10. Patrickl said on 26th July 2010, 16:43

    Keith what do you make of the comment from Smedley that Massa should push and that he could still win the race. It was around the time that he was setting those fastest laps.

    Is there some indication that Ferrari might have set Massa some sort of ultimatum? For instance a minimum gap that he needs to pull to Alonso to make sure the team won’t order him to let Alonso past?

    • Keith Collantine (@keithcollantine) said on 26th July 2010, 16:46

      Roughly what lap was that? I’ll have a look on the video.

    • Jonathan said on 26th July 2010, 17:01

      I noticed that too. The TV commentators didn’t pick up on it.

      He said “3 seconds ahead… we can win this. We need everything now.”

      I was thinking, “Why does the margin matter? If he’s ahead, he’s ahead, right?”

      Evidently, something was going on. Maybe the instruction was “If you can increase your lead to x seconds we won’t swap the cars”.

      An alternative explanation is that Massa had to build up a lead while Alonso was in fuel-saving mode to have any chance of holding him off.

      • Hollus said on 26th July 2010, 17:21

        I think Alonso stopped the first attack on Massa on the implicit agreement that then Massa would stop defending, so both could pull away from Vettel. I read that message at the time as “Massa, you can just run normally now, no defending needed as you won’t be attacked, but we need fast lap times for the strategy”. And indeed, Massa’s laps got faster after the message, as did Alonso’s.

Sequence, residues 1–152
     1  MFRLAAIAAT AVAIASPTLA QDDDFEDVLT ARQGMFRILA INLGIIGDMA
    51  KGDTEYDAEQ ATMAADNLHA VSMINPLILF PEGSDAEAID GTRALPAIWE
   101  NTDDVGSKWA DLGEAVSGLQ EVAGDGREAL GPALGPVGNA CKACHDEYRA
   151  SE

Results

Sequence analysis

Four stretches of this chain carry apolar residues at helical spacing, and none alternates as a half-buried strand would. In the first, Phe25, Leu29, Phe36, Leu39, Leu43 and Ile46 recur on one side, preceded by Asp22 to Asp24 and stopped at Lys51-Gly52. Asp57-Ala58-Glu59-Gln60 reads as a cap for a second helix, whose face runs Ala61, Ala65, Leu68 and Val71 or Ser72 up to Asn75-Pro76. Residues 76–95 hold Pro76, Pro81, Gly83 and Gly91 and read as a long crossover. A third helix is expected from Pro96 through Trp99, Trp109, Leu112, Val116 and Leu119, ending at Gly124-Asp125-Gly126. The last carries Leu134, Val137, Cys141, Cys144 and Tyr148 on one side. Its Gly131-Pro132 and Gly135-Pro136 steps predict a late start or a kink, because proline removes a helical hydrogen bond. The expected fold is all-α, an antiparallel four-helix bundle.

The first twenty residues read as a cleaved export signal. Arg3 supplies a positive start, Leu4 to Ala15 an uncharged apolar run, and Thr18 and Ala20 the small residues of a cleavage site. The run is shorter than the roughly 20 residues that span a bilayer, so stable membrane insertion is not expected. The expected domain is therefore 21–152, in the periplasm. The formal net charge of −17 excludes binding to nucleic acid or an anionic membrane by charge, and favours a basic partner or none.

11. Kimster said on 26th July 2010, 16:55

    just before the halfwaypoint, i think it was 28

  12. Bartholomew said on 26th July 2010, 16:57

    These debates add a lot of excitement to the days between races. In previous years we had Max, Flava, Bernie and Lou all fighting, to keep us riveted to the news.
    If there where only clean races with no politics and quarreling, this would not be enough fun.

  13. Phil T said on 26th July 2010, 17:52